Our readers in Baton Rouge may take interest in a contract dispute over a levee repair project that involves the same bid solicitation process employed by the government to recruit contractors in the wake of Hurricane Katrina. The dispute, raised by a company that did not receive a contract award, centers on the government’s use of a certain kind of contract — a multiple award task order contract — for soliciting project bids.
A spokesperson for the Army Corps of Engineers acknowledged that multiple award task order contracts are uncommon, but said that this type of contract facilitates large projects by allowing the government to employ multiple contractors assigned to specific project tasks.
The company’s protest has brought work on the project to a halt, as required by federal law, just as bid-winning contractors geared up to begin work. The Corps of Engineers will review the company’s protest and its original bid proposal before reaching a final decision on the merits of the company’s complaints. The Corps has provided no estimate of how long it will take to reach a final decision, so contractors who anticipated already being at work will be left in limbo until the dispute is resolved.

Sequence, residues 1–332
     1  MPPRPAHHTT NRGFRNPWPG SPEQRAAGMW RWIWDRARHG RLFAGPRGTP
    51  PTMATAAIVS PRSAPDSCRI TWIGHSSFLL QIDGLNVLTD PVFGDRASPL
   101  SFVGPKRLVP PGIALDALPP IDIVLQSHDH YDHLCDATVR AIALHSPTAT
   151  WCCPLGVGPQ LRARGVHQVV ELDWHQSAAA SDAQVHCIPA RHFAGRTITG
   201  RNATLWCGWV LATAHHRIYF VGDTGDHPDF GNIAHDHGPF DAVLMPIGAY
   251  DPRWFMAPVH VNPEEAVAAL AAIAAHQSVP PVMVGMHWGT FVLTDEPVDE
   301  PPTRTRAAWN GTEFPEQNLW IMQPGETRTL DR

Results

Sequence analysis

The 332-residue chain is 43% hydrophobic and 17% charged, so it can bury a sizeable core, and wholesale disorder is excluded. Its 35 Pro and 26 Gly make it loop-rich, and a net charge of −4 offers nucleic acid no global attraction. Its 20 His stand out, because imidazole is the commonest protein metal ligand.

The federal government is required to give fair consideration to every contract bid. In most cases, contractors who feel that they have not received fair treatment in a federal bid award will have an opportunity to petition the contracting agency for reconsideration.
Government contract decisions can also be subject to review by the federal courts. If the court finds that the government breached its duty to fairly consider a contract bid, the court may issue an injunction. The court cannot, however, order the government to award a contract to a specific bidder.
Louisiana contractors considering a federal court challenge to a government contract decision should be aware that they face a high bar. The courts will afford a high degree of deference to agency decisions. A company filing a complaint about the government’s bidding process or award decision bears the burden of proving that the government acted arbitrarily.
Source: Southeast Missourian, “Bid protest stops work on Birds Point levee,” June 20, 2012